When the historic storm of February 2021 dropped more than six inches of snow on parts of Austin, most of the city’s residents hunkered down indoors. Not West Hansen, who loaded a kayak onto his four-wheel-drive pickup and headed slowly and carefully for Lady Bird Lake.
There, he and fellow paddler Jimmy Harvey wrestled nylon dry suits over their long underwear. They attached insulated, oven-mitt-like mittens to their paddles. Then, taking care not to slip in the snow, the men lugged their bullet-shaped sea kayaks to the cold water. The freak storm would provide a rare opportunity to test gear for his upcoming kayaking expedition through the Northwest Passage in the Arctic. The two kayakers spent a few chilly hours on the otherwise deserted water before returning to the boat launch, where a cross-country skier zipped by them as they pulled their boats out of the lake.
Chances are, the temperatures they experienced that day were slightly colder than what Hansen will face this summer, as he paddles through the Canadian Arctic Archipelago, north of mainland Canada. He’s the leader of the Arctic Cowboys, an expedition whose lineup includes two other Texans, Jeff Wueste and Rebekah Feaster. (Harvey had planned to go but dropped out because of a disagreement about the route and the timing of the trip.) The team has been working toward a grueling two-thousand-mile Northwest Passage crossing for about five years, with their plans postponed once by weather and twice by the coronavirus pandemic. Now it looks like the trek is really happening, with a target departure date from Austin of July 15.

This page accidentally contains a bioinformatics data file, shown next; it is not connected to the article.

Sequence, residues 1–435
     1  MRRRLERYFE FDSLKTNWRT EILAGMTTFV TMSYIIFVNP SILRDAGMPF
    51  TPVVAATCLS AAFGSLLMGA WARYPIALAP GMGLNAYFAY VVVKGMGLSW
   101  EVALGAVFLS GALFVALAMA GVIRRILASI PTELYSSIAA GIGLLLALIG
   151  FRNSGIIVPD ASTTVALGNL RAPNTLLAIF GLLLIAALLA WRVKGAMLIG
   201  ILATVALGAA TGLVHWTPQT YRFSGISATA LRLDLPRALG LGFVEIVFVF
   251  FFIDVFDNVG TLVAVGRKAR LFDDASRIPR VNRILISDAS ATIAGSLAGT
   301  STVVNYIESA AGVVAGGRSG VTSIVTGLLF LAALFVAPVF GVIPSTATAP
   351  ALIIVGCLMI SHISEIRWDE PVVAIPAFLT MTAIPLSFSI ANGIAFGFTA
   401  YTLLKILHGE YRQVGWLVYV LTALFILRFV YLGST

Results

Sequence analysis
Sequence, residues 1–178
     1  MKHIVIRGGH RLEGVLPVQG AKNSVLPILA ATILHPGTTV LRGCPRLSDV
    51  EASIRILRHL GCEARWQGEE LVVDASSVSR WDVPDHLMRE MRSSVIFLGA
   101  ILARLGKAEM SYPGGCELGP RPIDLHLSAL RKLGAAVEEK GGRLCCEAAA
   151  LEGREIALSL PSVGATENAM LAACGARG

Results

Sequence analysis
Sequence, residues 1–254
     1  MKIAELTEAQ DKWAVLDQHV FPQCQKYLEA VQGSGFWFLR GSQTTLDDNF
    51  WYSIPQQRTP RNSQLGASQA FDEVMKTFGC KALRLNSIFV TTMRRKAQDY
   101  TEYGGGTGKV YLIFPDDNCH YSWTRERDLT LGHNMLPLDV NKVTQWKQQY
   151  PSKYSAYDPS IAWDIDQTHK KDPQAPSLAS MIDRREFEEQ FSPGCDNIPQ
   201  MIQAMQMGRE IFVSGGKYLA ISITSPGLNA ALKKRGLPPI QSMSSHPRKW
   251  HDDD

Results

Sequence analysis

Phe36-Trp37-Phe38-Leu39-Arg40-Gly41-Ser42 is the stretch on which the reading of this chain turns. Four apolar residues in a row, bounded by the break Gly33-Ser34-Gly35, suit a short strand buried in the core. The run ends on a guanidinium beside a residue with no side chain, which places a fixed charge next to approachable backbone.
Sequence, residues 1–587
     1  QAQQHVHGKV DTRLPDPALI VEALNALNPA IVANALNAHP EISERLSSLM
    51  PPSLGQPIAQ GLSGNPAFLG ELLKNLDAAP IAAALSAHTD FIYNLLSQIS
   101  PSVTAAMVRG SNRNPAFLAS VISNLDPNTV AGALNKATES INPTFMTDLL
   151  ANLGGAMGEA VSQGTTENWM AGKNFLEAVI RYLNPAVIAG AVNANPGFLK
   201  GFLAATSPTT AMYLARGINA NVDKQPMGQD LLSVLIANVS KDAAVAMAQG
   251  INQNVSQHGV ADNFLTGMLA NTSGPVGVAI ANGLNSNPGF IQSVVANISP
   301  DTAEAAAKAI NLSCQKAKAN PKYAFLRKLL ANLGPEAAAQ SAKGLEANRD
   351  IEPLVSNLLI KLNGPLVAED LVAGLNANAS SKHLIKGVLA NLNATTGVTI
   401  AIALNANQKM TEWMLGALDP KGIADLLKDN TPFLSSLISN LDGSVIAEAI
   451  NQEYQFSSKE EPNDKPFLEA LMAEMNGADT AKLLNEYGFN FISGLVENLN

Though air temperatures in the Arctic summer, which hover between freezing and somewhere in the 60s, should be manageable, almost every other aspect of the journey will be exceptionally challenging. The paddlers expect to encounter high winds and water temperatures just above freezing. Hypothermia and drowning are serious risks, should anyone have the misfortune to tip over their boat and fall into the sea. And then there’s the local wildlife, which includes orcas and polar bears. The latter can smell prey from up to a kilometer away and can swim as fast as 6 miles per hour. The Arctic Cowboys expect to see the bears every day during their roughly sixty-day journey, hopefully from a safe distance. “Primarily, the wind is the biggest concern. We’re prepared for snow and ice and rain, but the wind will create choppy waves and difficult paddling conditions,” Hansen says.
If anyone is up to the task, it’s Hansen. A veteran endurance paddler, the sixty-year-old longtime Austin resident navigated the 4,200-mile Amazon River from source to sea by kayak in 2012, followed by Russia’s 2,200-mile Volga River two years later. He’s been practicing the sport for about forty years, since he was a psychology major and cheerleader at Southwest Texas State University. Hansen took a whitewater kayaking class there, learning the basics on the Guadalupe River, and promptly got hooked on the adrenaline-fueled sport.
Through other paddlers, he heard about the Texas Water Safari, a 260-mile race from San Marcos to the Texas Coast that is fraught with mud, sleep deprivation, logjams, extreme heat, spiders, man-size alligator gar, and actual alligators. Twenty-one Safari finishes later, he still loves the escape from the cushiness of modern life that endurance paddling delivers, and revels in overcoming the misery (and hallucinations) that come with it.